Outlets represent controls in your user interface that can have some action performed upon them. Action are functions in your code that are connected to controls in your user interface such as a button or a drop down list. When connected to a button for instance, the action code will be run when the user clicks the button.

In xcode, open your app delegate header file Basic_iPhone_AppAppDelegate.h. Add an outlet for the text field and the label below the window outlet as in the following snippet:

@interface Basic_iPhone_AppAppDelegate : NSObject  {
    IBOutlet UIWindow *window;
    IBOutlet UITextField *textField;
    IBOutlet UILabel *label;
}

You will also want to add an action that will be performed when our button is clicked. Add that below the property for our window:

@interface Basic_iPhone_AppAppDelegate : NSObject  {
    IBOutlet UIWindow *window;
    IBOutlet UITextField *textField;
    IBOutlet UILabel *label;
}

@property (nonatomic, retain) UIWindow *window;

- (IBAction)click:(id)sender;
  • Now switch over to the implementation file, Basic_iPhone_AppAppDelegate.m. Add the click: action below our applicationDidFinishLaunching: function:
    - (void)applicationDidFinishLaunching:(UIApplication *)application {	
    	
        // Override point for customization after app launch	
        [window makeKeyAndVisible];
    }
    
    - (IBAction)click:(id)sender;
    {
        
    }
    

    We will actually add some code to do something in the click: action handler, but first we need to hook it up to the user interface in Interface Builder.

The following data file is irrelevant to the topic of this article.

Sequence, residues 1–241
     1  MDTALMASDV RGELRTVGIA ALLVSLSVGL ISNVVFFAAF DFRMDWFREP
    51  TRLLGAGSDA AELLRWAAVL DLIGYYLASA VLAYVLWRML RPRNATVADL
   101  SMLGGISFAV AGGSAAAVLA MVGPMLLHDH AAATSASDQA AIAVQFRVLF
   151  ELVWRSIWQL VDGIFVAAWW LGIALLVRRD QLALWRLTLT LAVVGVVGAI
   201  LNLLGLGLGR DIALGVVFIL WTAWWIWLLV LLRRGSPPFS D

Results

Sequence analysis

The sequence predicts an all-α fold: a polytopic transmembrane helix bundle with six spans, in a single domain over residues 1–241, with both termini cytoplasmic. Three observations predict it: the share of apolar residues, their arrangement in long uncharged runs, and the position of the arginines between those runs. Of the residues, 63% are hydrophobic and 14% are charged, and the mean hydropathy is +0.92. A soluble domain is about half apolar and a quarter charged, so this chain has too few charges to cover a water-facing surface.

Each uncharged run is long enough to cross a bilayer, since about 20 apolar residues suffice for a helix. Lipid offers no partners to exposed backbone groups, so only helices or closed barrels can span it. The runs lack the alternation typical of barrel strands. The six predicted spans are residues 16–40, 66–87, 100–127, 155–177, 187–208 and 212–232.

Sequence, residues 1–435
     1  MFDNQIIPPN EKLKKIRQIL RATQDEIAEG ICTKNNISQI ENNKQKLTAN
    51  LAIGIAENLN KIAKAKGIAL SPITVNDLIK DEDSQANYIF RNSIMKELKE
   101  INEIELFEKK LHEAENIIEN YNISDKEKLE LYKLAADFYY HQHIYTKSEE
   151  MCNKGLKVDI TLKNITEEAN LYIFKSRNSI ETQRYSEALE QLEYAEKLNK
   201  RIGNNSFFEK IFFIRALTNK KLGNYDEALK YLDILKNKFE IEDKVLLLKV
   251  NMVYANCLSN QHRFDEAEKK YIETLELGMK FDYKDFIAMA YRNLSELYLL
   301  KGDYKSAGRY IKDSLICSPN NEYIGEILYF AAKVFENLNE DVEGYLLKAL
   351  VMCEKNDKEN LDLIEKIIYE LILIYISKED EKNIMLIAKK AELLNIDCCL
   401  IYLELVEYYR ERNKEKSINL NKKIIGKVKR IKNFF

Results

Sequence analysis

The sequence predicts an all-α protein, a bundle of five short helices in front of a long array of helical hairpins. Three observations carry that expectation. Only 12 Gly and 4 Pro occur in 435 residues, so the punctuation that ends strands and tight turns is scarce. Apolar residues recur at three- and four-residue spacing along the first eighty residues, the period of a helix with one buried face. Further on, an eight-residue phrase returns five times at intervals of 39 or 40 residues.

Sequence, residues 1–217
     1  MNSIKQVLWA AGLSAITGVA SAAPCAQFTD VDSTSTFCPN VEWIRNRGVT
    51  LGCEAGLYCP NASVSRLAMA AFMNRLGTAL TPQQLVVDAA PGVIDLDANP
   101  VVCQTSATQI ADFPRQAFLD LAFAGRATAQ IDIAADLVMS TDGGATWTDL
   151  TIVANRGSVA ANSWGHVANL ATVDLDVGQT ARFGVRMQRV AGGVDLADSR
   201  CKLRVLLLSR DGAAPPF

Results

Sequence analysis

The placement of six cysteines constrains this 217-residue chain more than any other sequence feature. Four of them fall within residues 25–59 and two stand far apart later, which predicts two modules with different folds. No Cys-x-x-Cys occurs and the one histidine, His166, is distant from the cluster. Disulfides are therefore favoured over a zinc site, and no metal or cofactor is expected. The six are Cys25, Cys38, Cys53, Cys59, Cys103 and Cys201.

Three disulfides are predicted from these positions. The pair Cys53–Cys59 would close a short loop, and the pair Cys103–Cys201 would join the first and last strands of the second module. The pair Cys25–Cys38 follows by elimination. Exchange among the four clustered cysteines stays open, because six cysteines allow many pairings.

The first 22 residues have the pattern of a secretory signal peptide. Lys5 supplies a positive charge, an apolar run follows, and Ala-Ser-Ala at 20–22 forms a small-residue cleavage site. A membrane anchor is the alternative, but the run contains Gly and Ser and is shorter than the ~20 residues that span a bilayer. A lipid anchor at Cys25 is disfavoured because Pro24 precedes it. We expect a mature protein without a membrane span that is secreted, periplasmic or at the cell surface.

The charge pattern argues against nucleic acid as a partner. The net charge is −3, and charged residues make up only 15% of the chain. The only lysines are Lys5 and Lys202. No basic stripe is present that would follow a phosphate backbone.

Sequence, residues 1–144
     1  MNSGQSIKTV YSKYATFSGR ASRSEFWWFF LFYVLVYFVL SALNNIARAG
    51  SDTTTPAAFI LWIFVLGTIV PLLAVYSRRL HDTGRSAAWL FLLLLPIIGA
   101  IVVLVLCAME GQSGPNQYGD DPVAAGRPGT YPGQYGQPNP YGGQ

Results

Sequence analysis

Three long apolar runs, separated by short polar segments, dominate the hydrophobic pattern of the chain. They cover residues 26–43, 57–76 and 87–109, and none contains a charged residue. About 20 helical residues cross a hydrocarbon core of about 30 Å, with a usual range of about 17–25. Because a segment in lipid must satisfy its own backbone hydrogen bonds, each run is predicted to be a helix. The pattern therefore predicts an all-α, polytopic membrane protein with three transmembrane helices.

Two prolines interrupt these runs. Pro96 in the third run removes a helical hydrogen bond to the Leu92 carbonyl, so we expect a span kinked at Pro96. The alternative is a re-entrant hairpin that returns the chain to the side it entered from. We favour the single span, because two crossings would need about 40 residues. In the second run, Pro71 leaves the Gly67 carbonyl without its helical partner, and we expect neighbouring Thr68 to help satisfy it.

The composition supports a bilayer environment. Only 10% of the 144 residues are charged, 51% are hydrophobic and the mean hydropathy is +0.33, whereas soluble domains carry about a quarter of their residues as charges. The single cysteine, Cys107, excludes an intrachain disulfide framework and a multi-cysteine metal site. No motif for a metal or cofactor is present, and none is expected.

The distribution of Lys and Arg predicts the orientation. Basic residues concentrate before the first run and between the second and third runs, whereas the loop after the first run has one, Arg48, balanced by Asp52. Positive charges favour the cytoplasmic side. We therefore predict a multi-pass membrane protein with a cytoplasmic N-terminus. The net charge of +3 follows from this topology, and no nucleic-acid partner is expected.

• Interface Builder And Controller/Delegate Implementation

    Now that you’ve specified the outlets–a UITextField and a UILabel and an action called click:, you will see these items available for connecting to the UI in Interface builder. Let’s open Interface Builder and make the connections we need using the following steps:

    1. In your xcode workspace, expand the folder in the tree view called Resources and double click the file called ‘MainMenu.xib’.

      Note:: A .xib is a .nib that uses XML for the internal data structure.

      This will open the xib file in Interface Builder

    2. Once Interface Builder loads, you will notice that there is an object representation of our app delegate in the MainWindow.xib window. This is the object you will use to create connections for your actions and outlets.

      MainWindow.xib

    Design The User Interface

    Now you need to add the controls to the main window in Interface Builder and then we can connect the action and outlet accordingly. To finish the interface, complete the following steps:

    1. Make sure that the Object Library is open by selecting Tools | Library from the menu in Interface Builder.
    2. Drag a TextField, a Label, and a Button to the main window so that the user interface looks like the screenshot below: